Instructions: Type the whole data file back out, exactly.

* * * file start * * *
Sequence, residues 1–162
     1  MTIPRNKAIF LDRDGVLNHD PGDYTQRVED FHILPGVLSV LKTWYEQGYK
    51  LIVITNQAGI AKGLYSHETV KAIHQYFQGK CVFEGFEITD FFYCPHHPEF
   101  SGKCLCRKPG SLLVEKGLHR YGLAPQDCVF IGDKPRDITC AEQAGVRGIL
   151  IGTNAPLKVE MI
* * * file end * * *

Sequence, residues 1–162
     1  MTIPRNKAIF LDRDGVLNHD PGDYTQRVED FHILPGVLSV LKTWYEQGYK
    51  LIVITNQAGI AKGLYSHETV KAIHQYFQGK CVFEGFEITD FFYCPHHPEF
   101  SGKCLCRKPG SLLVEKGLHR YGLAPQDCVF IGDKPRDITC AEQAGVRGIL
   151  IGTNAPLKVE MI